A nearby banner at the Time Warner Center Whole Foods proclaims "Our Commitment to the Local Farmer," but this also doesn't hold up to scrutiny. More likely, the burgeoning local-food movement is making Whole Foods uneasy. After all, a multinational chain can't promote a "buy local" philosophy without being self-defeating. When I visited the Time Warner Whole Foods last fall—high season for native fruits and vegetables on the East Coast—only a token amount of local produce was on display. What Whole Foods does do for local farmers is hang glossy pinups throughout the store, what they call "grower profiles," which depict tousled, friendly looking organic farmers standing in front of their crops. This winter, when I dropped by the store, the only local produce for sale was a shelf of upstate apples, but the grower profiles were still up. There was a picture of a sandy-haired organic leek farmer named Dave, from Whately, Mass., above a shelf of conventionally grown yellow onions from Oregon. Another profile showed a guy named Ray Rex munching on an ear of sweet corn he grew on his generations-old, picturesque organic acres. The photograph was pinned above a display of conventionally grown white onions from Mexico.
These profiles may be heartwarming, but they also artfully mislead customers about what they're paying premium prices for. If Whole Foods marketing didn't revolve so much around explicit (as well as subtly suggestive) appeals to food ethics, it'd be easier to forgive some exaggerations and distortions.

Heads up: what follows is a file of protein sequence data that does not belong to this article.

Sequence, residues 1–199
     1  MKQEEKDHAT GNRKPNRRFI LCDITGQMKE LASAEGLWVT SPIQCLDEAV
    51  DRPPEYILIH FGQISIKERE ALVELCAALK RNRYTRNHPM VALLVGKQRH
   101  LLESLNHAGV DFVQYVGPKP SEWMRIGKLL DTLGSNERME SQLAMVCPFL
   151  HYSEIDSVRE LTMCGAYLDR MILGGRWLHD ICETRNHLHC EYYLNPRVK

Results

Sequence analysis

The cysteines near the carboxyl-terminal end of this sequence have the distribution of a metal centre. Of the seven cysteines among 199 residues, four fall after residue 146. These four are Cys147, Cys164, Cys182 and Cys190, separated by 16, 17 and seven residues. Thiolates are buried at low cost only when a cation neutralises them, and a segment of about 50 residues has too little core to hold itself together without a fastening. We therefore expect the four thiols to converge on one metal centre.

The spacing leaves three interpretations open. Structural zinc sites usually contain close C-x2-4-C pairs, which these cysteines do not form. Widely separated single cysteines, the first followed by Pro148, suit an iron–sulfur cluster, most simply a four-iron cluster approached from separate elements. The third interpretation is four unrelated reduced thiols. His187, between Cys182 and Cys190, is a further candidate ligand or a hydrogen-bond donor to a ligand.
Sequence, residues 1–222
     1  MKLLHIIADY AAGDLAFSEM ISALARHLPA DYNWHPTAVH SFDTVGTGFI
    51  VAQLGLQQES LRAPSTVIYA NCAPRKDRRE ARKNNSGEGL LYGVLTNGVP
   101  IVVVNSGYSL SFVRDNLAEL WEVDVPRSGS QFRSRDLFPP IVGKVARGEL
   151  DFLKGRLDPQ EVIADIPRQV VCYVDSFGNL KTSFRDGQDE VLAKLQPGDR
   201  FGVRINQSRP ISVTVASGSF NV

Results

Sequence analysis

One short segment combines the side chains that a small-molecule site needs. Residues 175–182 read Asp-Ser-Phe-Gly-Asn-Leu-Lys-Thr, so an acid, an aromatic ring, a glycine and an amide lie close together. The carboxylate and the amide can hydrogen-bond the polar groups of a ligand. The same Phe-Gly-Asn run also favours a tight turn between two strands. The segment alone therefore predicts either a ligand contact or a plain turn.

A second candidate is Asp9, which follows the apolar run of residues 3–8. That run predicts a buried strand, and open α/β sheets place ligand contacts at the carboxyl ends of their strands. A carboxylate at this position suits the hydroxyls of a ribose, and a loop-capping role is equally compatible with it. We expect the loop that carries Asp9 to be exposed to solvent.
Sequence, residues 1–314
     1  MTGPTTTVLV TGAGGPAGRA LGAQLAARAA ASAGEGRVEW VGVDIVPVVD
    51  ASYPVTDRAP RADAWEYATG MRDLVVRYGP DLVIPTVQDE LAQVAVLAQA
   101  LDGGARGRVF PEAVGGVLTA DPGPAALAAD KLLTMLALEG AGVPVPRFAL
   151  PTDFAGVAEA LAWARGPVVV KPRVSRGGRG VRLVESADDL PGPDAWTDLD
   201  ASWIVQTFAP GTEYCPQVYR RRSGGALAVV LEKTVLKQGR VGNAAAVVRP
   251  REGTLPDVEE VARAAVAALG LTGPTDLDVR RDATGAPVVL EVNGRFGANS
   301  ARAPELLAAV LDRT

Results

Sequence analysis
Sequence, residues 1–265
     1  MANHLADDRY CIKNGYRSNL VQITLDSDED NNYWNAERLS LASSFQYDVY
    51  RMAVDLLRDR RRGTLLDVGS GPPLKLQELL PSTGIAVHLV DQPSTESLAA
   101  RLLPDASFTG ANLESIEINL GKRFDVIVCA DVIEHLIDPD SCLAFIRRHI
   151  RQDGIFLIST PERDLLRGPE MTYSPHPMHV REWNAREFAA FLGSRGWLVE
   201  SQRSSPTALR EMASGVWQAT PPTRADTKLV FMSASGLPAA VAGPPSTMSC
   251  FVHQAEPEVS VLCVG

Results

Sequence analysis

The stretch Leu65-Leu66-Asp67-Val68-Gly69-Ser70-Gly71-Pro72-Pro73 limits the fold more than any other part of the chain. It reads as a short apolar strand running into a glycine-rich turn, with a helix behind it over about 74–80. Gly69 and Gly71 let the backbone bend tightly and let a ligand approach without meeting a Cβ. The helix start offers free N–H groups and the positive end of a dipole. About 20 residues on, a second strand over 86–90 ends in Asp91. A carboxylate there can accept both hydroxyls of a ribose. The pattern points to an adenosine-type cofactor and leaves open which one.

Of course, above and beyond social and environmental ethics, and even taste, people buy organic food because they believe that it's better for them. All things being equal, food grown without pesticides is healthier for you. But American populism chafes against the notion of good health for those who can afford it. Charges of elitism—media wags, in otherwise flattering profiles, have called Whole Foods "Whole Paycheck" and "wholesome, healthy for the wholesome, wealthy"—are the only criticism of Whole Foods that seems to have stuck. Which brings us to the newest kid in the organic-food sandbox: Wal-Mart, the world's biggest grocery retailer, has just begun a major program to expand into organic foods. If buying food grown without chemical pesticides and synthetic fertilizers has been elevated to a status-conscious lifestyle choice, it could also be transformed into a bare-bones commodity purchase.
When the Department of Agriculture established the guidelines for organic food in 1990, it blew a huge opportunity. The USDA—under heavy agribusiness lobbying—adopted an abstract set of restrictions for organic agriculture and left "local" out of the formula. What passes for organic farming today has strayed far from what the shaggy utopians who got the movement going back in the '60s and '70s had in mind. But if these pioneers dreamed of revolutionizing the nation's food supply, they surely didn't intend for organic to become a luxury item, a high-end lifestyle choice.
It's likely that neither Wal-Mart nor Whole Foods will do much to encourage local agriculture or small farming, but in an odd twist, Wal-Mart, with its simple "More for Less" credo, might do far more to democratize the nation's food supply than Whole Foods. The organic-food movement is in danger of exacerbating the growing gap between rich and poor in this country by contributing to a two-tiered national food supply, with healthy food for the rich. Could Wal-Mart's populist strategy prove to be more "sustainable"than Whole Foods? Stranger things have happened.
Field Maloney, who comes from a hard-cider-making family, is writing a book about wine in America. He likes to drink beer.
Photograph of produce shopper by Jeff Haynes/AFP/Getty Images.